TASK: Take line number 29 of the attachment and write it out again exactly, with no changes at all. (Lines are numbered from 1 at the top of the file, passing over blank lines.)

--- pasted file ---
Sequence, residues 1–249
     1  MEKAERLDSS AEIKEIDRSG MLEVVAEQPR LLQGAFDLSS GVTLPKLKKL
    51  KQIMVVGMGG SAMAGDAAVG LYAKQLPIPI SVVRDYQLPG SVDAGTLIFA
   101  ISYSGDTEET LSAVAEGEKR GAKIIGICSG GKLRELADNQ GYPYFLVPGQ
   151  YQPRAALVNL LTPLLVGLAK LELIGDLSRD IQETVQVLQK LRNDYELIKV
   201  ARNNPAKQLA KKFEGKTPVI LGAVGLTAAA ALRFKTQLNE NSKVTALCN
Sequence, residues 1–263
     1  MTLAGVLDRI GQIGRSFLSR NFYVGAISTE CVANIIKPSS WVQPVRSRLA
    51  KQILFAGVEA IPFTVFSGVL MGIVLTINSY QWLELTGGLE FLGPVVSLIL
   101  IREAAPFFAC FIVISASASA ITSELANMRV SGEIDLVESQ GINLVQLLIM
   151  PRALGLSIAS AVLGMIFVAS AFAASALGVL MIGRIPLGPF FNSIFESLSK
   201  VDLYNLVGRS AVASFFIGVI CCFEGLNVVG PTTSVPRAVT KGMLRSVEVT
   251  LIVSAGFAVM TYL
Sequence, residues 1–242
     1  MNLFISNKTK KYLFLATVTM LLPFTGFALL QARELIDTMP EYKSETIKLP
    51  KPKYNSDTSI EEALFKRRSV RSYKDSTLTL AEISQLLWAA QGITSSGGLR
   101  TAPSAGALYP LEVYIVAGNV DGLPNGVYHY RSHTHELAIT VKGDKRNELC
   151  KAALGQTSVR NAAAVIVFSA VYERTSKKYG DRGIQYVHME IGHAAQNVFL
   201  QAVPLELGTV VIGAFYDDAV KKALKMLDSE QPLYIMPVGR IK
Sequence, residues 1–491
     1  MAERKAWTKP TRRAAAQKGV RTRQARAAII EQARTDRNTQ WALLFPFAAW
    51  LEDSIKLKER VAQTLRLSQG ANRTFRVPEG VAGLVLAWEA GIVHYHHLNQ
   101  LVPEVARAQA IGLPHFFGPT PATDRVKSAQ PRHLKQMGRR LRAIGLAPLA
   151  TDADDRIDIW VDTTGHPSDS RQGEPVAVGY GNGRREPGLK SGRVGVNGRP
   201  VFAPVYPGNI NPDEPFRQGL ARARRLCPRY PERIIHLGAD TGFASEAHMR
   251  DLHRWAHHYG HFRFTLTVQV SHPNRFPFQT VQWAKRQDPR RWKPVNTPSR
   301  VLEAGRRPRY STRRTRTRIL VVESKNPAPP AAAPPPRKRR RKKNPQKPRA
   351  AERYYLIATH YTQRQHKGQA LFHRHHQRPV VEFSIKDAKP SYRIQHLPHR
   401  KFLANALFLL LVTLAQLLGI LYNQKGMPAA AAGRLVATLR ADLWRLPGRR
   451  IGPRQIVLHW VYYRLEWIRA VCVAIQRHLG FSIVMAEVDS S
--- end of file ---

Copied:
   401  KFLANALFLL LVTLAQLLGI LYNQKGMPAA AAGRLVATLR ADLWRLPGRR